Crude oil futures prices continue to drop due to storage

April futures delivery on the New York market continued its downward trend. Some analysts say its due to an ongoing lack of storage for oil supplies. Although fears of running out of oil storage are unfounded, oil prices likely will remain "sloppy" over the coming months.

Regardless of the facts surrounding the United States and world oil storage situation, there is still potential risk for oil prices (and energy investors) over the next couple of months. There are still several risky and negative catalysts for short-term oil prices including: 1) the psychological fear of running out of global oil storage capacity while already sitting at all-time highs in US oil inventories; 2) the risk of a sanction removal agreement with Iran that eventually brings an additional 500,000 b/d or more of oil into the market; and 3) the risk of a rising US dollar driving oil prices lower.

Analysts said that the most noticeable example of any threat to storage is being played out at the Cushing, Okla., storage hub, where crude inventories have more than doubled over the past six months (from 20 million bbl to over 50 million bbl) and now sit near all-time highs.

The market fear is that if this oil inventory build rate continued at the same pace (2 million+ bbl/week [year-to-date]), then Cushing storage capacity of about 70 million bbl will fill in the next 2 months.

Cushing is not an isolated market, for the right price, there are many storage outlets for the roughly 250 million bbl of expected global oil inventory builds that must find a home in this yearís first half.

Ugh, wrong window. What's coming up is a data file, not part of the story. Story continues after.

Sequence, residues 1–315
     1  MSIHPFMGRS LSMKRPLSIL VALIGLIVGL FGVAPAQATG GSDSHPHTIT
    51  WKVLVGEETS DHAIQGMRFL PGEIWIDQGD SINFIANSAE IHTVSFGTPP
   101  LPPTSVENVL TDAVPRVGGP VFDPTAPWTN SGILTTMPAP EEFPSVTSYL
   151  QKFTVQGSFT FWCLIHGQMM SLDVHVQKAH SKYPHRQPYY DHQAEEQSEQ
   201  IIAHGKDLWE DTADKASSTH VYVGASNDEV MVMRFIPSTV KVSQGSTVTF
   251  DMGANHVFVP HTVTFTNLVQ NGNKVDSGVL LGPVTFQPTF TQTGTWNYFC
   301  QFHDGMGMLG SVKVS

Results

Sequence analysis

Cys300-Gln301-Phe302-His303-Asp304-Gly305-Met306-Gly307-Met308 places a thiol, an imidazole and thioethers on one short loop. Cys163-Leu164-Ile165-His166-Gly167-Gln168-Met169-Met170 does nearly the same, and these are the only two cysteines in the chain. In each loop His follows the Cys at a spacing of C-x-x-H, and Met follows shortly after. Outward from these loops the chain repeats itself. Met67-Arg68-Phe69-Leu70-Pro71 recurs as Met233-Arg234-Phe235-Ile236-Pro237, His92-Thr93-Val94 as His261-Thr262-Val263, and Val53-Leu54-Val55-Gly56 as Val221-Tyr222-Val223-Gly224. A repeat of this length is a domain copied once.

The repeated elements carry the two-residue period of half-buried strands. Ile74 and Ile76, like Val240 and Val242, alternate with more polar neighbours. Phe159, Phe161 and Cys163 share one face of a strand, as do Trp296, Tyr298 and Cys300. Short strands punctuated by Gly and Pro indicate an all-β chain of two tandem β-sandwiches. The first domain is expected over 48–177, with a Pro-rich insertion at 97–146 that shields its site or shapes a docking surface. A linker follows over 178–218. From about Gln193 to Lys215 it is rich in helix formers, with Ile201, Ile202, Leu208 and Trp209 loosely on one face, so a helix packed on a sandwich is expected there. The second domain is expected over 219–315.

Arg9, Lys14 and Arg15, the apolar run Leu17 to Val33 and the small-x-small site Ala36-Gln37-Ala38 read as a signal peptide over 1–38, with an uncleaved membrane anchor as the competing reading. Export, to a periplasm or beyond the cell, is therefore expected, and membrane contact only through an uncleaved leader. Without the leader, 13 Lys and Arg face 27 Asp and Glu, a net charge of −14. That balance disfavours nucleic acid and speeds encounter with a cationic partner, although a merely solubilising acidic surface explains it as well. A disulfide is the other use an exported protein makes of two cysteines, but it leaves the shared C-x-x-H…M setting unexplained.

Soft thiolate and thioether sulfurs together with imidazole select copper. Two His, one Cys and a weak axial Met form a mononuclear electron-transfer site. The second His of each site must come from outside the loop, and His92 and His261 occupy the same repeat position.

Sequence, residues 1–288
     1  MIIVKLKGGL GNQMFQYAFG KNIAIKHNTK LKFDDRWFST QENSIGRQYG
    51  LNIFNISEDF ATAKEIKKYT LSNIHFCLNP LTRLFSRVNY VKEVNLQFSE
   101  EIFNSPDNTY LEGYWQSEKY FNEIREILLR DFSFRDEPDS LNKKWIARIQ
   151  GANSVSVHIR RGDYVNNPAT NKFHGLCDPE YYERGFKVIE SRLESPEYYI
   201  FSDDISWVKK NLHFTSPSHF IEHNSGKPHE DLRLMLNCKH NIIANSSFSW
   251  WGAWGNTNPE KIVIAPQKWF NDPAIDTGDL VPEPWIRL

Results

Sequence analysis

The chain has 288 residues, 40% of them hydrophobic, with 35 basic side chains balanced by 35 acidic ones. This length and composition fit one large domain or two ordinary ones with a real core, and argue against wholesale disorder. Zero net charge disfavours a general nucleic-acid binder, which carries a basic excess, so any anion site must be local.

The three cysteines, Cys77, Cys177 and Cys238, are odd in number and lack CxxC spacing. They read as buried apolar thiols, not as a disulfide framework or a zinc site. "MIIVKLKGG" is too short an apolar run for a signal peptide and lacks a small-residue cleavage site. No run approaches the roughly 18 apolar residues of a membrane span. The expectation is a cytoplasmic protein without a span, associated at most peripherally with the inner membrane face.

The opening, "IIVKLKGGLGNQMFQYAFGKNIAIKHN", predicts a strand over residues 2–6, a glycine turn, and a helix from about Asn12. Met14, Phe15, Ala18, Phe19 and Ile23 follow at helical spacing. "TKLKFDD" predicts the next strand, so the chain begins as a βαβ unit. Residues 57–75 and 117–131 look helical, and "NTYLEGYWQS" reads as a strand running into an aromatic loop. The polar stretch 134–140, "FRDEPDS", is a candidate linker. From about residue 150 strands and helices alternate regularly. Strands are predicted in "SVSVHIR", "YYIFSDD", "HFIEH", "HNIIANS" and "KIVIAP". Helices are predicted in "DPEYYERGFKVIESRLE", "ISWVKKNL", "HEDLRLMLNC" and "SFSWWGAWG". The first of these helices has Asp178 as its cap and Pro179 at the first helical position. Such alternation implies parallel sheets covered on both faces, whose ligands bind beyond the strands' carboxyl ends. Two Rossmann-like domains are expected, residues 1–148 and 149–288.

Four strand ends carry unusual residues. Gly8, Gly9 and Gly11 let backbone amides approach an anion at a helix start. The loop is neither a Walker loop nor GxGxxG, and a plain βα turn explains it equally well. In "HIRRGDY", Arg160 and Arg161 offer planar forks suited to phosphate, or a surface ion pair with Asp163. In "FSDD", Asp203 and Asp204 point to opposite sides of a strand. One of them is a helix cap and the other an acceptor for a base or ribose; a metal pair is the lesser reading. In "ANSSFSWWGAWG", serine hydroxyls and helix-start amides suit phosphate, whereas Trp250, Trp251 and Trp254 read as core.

While global inventory data is delayed and often inaccurate, we see more than enough capacity through the combination of the entire [Organization for Economic Cooperation and Development] storage picture (crude plus refined products) and floating storage. While the OECD storage facts suggest the world has plenty of storage capacity this year, we still question whether the perception or fear of record-high US inventories will be enough to send oil prices lower in the coming months.

The New York Mercantile Exchange April crude oil contract fell $2.21 on Mar. 13 to $44.84/bbl Mar. 12. The May contract fell $2.07 to settle at $47.06/bbl.
The natural gas contract for April was virtually unchanged at a rounded $2.73/MMbtu. The Henry Hub, La., gas price was $2.69/MMbtu, down 13¢.
Heating oil for April dropped 6.6¢ to a rounded $1.71/gal. Reformulated gasoline stock for oxygenate blending for April delivery was down 4.7¢ to a rounded $1.76/gal.
The April ICE contract for Brent crude oil lost $2.41, settling at $54.67/bbl, while the May contract lost $2.27 to $55.01/bbl. The ICE gas oil contract for April dropped $16 to $523.75/tonne.
The average price for the Organization of Petroleum Exporting Countriesí basket of 12 benchmark crudes on Mar. 13 was $51.66/bbl, falling $1.50.

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By Bryan Gray | | fracking, Gas Prices, Natural Gas, Petroleum | 0 comments
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